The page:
Realizing You Were Wrong: A Humbling Experience

09 Jun

Have you ever been in a relationship where you worried constantly about the other person’s reaction?

If you wanted to go out with your friends, did you worry he’d get mad and accuse you of not being considerate of what he wants? Maybe you bought something and were worried about telling him how much it costs? Maybe you felt like you were trying hard, but no matter what you did it just wasn’t enough?

“I constantly felt like I was walking on egg shells,” I was told last week.

My initial response was shock.

“YOU felt like YOU were walking on egg shells?” I thought in horror and disbelief.

His statement was made in the course of a heartfelt conversation where we talked about what had happened to our relationship over the last year. We had both been hurt. We had both been angry. We had both been fed up. But only one of us had constantly walked away from the other instead of staying to talk through it.

“Love doesn’t run,” as is said in one of my favorite songs.

But I had made a habit of running.

Oh yeah, he had done things to help facilitate that running. My friends could and often did list them off for me one by one. Boy did he make me angry over that year; but this blog isn’t about his faults, it’s about mine.

What a humbling experience to realize you are wrong. To realize, after a year, that I needed to take at the very, VERY least 50 percent, if not 60 percent, of the blame. To realize that I had been hurting him, too. To realize that although his definition of showing love was not the same as mine, I had been discounting the things he had been doing.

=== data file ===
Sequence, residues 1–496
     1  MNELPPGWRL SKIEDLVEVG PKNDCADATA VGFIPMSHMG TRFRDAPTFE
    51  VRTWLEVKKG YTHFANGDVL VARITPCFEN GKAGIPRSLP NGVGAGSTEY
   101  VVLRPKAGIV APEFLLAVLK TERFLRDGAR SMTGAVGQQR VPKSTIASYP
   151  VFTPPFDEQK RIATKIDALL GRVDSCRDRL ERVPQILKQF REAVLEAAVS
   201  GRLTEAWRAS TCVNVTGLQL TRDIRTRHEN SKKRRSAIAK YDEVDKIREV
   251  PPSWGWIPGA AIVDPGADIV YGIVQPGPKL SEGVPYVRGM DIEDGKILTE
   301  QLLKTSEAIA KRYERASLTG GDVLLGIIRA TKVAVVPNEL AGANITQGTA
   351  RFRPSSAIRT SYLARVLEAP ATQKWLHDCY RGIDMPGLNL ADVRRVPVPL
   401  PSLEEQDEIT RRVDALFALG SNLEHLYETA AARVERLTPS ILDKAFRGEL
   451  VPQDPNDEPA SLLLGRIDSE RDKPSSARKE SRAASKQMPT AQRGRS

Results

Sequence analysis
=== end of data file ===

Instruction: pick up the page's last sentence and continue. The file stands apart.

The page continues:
That was quite the moment of self-discovery for me.

I’d get angry over a behavior that I didn’t agree with. He’d try to talk it out. I’d leave. We’d get back together. That happened more times than I think I want to admit.

I look back at the things that made me angry, and they were valid. But how I could leave someone who I loved so much that breaking up felt like I was being burned alive.  It was literally painful, but I’d keep doing it.

Whether or not we are meant to be together or apart isn’t the question I need to be asking. Instead: Why is Jen feeling that the only way to protect herself is to be the first to run?

I realized I was being the “Unavailable” one and that I was stuck in this routine of hurting him to protect myself. It’s not only a cruel, horrible thing to do; it’s very unhealthy.

So this week I have begun Baggage Reclaims “Getting Out of Stuck.” I don’t owe it to him to get behind this problem and fix it; I owe it to me. And what an added bonus it will be for him or anyone to not have to walk on eggshells and for me to realize, Hey, this wasn’t all his fault. In fact, it was mostly mine.

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Posted by on June 9, 2011 in Relationships & Personal Growth


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